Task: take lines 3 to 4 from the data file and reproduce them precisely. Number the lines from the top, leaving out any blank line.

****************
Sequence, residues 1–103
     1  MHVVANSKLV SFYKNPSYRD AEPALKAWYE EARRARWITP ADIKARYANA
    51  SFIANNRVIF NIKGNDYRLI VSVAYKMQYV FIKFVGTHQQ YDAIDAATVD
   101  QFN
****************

    51  SFIANNRVIF NIKGNDYRLI VSVAYKMQYV FIKFVGTHQQ YDAIDAATVD
   101  QFN